An employee of the International Monetary Fund was injured on Thursday when a booby-trapped parcel exploded at the organisation's Paris office, according to police.

There was no immediate claim of responsibility, but later on Thursday Greek officials said they had been informed by French authorities that there was a Greek return address on the envelope.

The explosion was caused by a device that was fairly home-made, "like a big fire cracker ... and certainly not in any way a bomb", Paris police chief Michel Cadot told reporters near the scene of the incident in the centre of the French capital.

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Al Jazeera's Natacha Butler, reporting from Paris, said that the letter was sent by regular post to the head of IMF's European bureau. Jeffrey Franks, a 24-year veteran of the fund, has been director of the IMF's Europe office since March 2015, according to its website.

"According to police statements, the letter was opened by the bureau chief's assistant when it exploded, wounding her face and her eyes," Butler said.

"Police say she is not in a critical condition but obviously extremely shaken by what happened."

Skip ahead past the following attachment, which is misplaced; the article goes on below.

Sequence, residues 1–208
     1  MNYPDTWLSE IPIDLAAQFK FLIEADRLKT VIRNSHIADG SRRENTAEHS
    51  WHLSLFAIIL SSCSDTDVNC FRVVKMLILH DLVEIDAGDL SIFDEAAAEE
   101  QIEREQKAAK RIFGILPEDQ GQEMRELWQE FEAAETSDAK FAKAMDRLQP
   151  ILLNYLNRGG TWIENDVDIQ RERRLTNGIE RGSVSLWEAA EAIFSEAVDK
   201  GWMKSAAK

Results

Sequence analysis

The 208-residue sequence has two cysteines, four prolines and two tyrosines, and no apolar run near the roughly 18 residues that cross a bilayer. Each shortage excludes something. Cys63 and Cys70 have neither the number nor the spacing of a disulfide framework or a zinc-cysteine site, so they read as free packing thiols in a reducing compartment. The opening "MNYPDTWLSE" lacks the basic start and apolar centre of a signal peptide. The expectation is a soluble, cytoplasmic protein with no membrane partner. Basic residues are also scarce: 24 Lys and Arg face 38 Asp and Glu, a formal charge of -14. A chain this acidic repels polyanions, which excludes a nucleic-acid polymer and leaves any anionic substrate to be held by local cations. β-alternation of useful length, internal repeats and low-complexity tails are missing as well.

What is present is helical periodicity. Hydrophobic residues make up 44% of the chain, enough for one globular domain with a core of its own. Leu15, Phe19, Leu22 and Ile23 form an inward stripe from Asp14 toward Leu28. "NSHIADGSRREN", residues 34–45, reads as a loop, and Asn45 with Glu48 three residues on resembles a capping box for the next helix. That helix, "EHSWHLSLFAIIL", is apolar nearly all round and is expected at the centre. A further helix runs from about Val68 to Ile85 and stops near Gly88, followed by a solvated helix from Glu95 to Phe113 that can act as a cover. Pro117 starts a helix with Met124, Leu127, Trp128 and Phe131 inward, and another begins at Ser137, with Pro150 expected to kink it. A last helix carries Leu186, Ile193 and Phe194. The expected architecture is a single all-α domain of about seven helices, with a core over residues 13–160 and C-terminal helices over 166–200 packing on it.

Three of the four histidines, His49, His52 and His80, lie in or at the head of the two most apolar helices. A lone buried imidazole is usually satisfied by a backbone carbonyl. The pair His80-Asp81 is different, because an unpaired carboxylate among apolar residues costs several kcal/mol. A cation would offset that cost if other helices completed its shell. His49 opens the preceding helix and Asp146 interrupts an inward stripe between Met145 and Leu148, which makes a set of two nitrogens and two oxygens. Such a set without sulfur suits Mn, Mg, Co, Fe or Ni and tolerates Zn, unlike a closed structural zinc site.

Butler said IMF staff were evacuated from the building near the Arc de Triomphe and a police operation was under way. Paris anti-terrorism prosecutors opened an investigation.

Police investigators leave IMF offices in central Paris [Christian Hartmann/Reuters]

Later on Thursday, Nikos Toskas, Greece's public order minister, said the package had been sent from Athens. 

"French authorities just informed us that it was mailed from Greece," Toskas told Ant1 Television.

The letter listed Vassilis Kikilias, spokesman of the conservative opposition Nea Dimokratia party, as the sender, Toskas said.

On Wednesday, authorities in Germany intercepted a parcel bomb addressed to German Finance Minister Wolfgang Schaeuble.

A Greek group called the Conspiracy of Fire Cells claimed responsibility for that earlier on Thursday.

The IMF has been involved in talks between Greece and its international creditors on disbursing new loans to Athens under a bailout programme.

Many in Greece blame the IMF and Germany for imposing years of austerity in exchange for bailout packages.

IMF chief Christine Lagarde said the organisation was "working closely" with French authorities to investigate the incident in Paris.

"I condemn this cowardly act of violence and reaffirm the IMF's resolve to continue our work in line with our mandate," Lagarde said.

French President Francois Hollande said authorities would go "all the way" to find those responsible.

Source: Al Jazeera and news agencies